Merriam-Webster’s Word of the Day for June 15, 2021 is:

fealty • FEE-ul-tee  • noun

1 a : the fidelity of a vassal or feudal tenant to his lord

b : the obligation of such fidelity

2 : intense fidelity

Examples:

“Ordinary English soccer fans dispatched the Super League with a populist putsch even before it had scheduled its first game. Those fans went into the streets, demonstrating loudly and insisting they would abandon teams to which they had professed lifelong fealty.” — Kevin Cullen, The Boston Globe, 22 Apr. 2021

“Bathed in a laid-back marinade and wrapped in a cloak of smoke, the Niman Ranch Prime skirt steaks are cooked meticulously medium-rare, in the house style—a small miracle in itself, and one of the reasons for my fealty.” — Alison Cook, The Houston Chronicle, 5 May 2021

Did you know?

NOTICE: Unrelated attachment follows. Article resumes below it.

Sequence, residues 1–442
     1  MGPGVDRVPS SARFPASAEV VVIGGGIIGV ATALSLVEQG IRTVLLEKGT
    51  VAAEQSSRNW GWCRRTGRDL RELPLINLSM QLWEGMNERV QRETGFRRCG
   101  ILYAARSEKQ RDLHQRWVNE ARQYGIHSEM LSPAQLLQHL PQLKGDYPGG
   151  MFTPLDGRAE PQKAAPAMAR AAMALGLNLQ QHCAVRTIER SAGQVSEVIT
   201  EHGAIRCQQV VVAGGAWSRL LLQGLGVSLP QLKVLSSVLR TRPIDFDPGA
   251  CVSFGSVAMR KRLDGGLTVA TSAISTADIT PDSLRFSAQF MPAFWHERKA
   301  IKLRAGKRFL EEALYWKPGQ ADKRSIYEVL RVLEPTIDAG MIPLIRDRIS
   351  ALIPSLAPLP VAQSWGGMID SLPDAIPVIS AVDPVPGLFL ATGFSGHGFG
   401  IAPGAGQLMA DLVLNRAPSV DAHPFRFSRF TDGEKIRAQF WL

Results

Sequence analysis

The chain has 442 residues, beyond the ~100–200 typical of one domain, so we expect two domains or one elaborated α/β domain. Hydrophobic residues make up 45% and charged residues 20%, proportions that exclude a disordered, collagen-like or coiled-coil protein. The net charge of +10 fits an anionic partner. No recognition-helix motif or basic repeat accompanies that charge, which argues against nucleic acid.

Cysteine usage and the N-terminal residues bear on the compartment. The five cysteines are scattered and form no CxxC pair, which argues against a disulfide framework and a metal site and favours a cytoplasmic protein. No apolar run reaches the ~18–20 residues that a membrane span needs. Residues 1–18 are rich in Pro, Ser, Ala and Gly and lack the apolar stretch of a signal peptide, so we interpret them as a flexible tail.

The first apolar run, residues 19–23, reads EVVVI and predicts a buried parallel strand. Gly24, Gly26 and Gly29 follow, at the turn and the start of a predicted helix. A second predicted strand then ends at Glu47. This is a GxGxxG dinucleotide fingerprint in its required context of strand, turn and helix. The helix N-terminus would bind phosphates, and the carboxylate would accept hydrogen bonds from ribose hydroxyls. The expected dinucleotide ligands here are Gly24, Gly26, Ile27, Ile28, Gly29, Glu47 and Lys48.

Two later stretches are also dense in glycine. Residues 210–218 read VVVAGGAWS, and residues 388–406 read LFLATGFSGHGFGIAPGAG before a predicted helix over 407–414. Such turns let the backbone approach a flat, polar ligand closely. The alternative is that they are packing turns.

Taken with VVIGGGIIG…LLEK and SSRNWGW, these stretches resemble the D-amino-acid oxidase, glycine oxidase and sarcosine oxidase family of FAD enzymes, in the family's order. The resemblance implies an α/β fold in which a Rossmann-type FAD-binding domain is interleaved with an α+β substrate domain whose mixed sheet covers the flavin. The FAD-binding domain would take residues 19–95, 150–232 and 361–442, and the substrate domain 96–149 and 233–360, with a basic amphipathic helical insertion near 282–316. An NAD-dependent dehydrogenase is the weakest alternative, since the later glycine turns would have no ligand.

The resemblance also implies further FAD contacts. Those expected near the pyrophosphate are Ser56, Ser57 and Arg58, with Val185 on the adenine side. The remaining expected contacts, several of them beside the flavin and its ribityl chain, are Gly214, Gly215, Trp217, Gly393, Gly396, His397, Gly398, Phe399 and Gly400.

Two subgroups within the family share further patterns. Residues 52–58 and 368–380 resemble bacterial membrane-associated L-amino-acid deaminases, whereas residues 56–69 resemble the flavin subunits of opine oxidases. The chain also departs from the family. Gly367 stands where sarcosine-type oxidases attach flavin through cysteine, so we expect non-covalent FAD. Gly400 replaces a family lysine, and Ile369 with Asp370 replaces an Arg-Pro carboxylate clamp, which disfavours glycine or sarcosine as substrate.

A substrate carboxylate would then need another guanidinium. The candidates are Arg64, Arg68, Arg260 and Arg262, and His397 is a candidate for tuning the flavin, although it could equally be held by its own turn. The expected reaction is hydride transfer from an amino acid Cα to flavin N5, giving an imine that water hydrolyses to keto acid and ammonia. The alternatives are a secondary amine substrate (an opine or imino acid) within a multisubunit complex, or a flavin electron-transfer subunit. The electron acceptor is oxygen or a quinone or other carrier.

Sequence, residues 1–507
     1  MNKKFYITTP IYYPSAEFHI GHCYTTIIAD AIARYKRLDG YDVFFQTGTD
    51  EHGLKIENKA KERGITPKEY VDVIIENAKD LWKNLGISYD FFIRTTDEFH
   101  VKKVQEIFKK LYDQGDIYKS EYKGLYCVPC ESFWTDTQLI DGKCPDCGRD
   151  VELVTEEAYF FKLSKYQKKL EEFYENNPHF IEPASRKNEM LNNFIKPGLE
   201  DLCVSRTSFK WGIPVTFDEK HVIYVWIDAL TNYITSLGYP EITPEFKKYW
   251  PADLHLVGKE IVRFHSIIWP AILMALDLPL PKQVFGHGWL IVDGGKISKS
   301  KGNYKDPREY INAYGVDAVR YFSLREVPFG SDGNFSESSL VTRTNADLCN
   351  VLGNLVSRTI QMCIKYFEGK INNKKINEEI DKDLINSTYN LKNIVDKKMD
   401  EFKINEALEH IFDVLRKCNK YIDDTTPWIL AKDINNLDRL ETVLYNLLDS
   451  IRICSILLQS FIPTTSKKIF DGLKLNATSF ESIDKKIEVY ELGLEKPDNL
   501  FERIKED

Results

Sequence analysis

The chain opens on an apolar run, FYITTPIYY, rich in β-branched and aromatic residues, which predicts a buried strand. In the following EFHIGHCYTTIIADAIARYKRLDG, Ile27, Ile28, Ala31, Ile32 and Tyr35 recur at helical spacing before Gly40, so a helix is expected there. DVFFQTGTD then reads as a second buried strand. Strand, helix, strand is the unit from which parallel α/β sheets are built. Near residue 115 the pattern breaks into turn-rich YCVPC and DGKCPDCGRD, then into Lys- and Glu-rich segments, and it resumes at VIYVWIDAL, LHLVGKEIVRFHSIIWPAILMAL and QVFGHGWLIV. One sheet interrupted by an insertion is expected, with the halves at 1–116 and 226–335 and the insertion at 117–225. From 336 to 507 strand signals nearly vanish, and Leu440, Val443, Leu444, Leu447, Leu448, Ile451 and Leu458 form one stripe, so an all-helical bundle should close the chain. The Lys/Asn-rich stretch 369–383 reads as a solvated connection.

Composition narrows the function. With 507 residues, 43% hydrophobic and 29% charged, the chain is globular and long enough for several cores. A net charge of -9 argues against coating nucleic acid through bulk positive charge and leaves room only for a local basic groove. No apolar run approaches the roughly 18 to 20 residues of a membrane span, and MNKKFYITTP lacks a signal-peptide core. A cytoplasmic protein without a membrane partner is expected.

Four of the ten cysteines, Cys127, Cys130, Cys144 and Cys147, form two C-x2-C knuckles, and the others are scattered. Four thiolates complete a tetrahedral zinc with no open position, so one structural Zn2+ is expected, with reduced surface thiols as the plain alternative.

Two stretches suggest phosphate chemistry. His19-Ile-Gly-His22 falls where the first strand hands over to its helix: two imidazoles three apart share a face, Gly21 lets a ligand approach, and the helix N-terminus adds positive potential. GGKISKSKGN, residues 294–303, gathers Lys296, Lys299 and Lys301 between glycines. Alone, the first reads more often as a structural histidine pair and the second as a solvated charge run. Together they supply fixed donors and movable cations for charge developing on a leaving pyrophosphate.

In The Use of Law, published posthumously in 1629, Francis Bacon wrote, “Fealty is to take an oath upon a book, that he will be a faithful Tenant to the King.” That’s a pretty accurate summary of the early meaning of fealty. Early forms of the term were used in Middle English around 1300, when they specifically designated the loyalty of a vassal to a lord. Eventually, the meaning of the word broadened. Fealty can be paid to a country, a principle, or a leader of any kind—though the synonyms fidelity and loyalty are more commonly used. Fealty comes from the Anglo-French word feelté, or fealté, which comes from the Latin fidelitas, meaning “fidelity.” These words are ultimately derived from fides, the Latin word for “faith.”